If you’re one of the estimated 4 million students who graduated last May, you may be experiencing some not-so-fun, post-graduation consequences. For instance, 51 percent of college graduates owe about $13,000 in debt, and that’s not including student loans. We want you to be the exception, so we’ve devised a list of seven costly mistakes to avoid in your post-college career:

Deferring your student loans

Deferring your student loan allows you to temporarily stop making federal student loan payments or reduce your monthly payment amount. Sounds like a fantastic short-term solution, right? The truth is, the longer you defer the loan, the interest rate, depending on the loan type, will increase — meaning you’ll owe more money in the long-run. Not so great of an idea now, is it? Here are more tips on how to pay off your student loans fast.

Spending more than you should on rent

According to experts, 30 percent of your monthly income is what you should be spending on rent. Let’s do some math: if you make $30,000 annually, about $2,500 monthly before taxes, you should be spending $750 on rent. This is a very difficult issue to solve because rent is continuously increasing and income/job opportunities seem stagnant. 53 percent of college graduates plan on moving back in with their parents until they are financially stable. That’s nothing to feel ashamed about; post-graduation is your opportunity to successfully transition into being an adult.

Not budgeting your money

Where should you start? It seems like a daunting task. Instead of jumping in and guesstimating what you are spending, start with tracking. You should know where you’re spending your money (e.g. phone bill, groceries, gas, etc.). Once you determine your expenses, you can easily budget and make adjustments.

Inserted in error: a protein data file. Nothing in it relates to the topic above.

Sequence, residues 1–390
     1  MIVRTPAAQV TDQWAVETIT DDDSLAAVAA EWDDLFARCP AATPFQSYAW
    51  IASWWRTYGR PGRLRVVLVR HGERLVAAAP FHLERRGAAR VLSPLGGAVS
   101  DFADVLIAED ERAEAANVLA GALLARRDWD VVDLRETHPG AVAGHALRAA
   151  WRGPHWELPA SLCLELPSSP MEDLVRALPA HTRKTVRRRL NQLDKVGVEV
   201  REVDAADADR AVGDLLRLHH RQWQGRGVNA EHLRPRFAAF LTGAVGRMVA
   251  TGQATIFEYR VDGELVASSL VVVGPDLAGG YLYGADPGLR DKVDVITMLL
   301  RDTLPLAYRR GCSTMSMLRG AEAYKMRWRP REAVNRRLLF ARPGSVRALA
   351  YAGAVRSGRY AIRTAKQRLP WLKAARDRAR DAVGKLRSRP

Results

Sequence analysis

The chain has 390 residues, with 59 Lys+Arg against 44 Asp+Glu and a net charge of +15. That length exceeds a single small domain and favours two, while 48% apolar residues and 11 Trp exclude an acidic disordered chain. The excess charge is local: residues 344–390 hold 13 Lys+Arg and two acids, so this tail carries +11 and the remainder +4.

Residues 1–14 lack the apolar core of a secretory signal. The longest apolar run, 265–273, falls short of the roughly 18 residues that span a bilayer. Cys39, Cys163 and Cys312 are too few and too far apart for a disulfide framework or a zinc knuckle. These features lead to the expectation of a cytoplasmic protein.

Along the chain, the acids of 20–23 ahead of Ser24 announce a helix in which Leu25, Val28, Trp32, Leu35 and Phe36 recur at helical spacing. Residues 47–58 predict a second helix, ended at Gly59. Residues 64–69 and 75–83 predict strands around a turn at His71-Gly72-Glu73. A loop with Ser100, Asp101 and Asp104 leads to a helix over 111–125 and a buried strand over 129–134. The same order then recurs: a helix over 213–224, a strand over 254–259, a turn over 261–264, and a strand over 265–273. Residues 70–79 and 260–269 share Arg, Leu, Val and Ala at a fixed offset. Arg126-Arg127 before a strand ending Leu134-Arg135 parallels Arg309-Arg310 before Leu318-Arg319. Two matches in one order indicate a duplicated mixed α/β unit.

Having the “College” lifestyle

College was fun, but those late nights out are expensive. Not only do those evenings out affect your wallet and body, but also your ability to do much during the day. Focus more on jump-starting your career; not impressing your social circle with your karaoke skills on a Tuesday night. Your bank account will thank you.

Limiting Your Job Search

You refuse to accept, let alone, apply for a job that doesn’t fit your degree or passion. Unintentionally, you are limiting your career search, opportunity for growth, and income bracket. We are not saying to shoot low, just don’t limit yourself in the job market. The longer you wait for that dream job, the longer your bank account will dwindle.

Extravagant purchases

Do you REALLY want that iPhone 8? Instead, stick to the necessities and avoid the endless spending cycle. If you need a smart phone, keep the smart phone you have. You can save that money, use it later for a down payment on a car, help pay off that student loan, or go on a vacation. So many possibilities.


It seems like all of your friends are traveling around the world after college. And now you’ve been bitten by the travel bug, too. You could take out another loan on top of your existing debt, or ask your parents to foot the travel bill. Wait…did we establish that you’re an adult now? We want you to pay for a trip, without going into more debt. Instead of paying for a pricey plane ticket across the world, save that money and take a road trip to see your out-of-state buddy.

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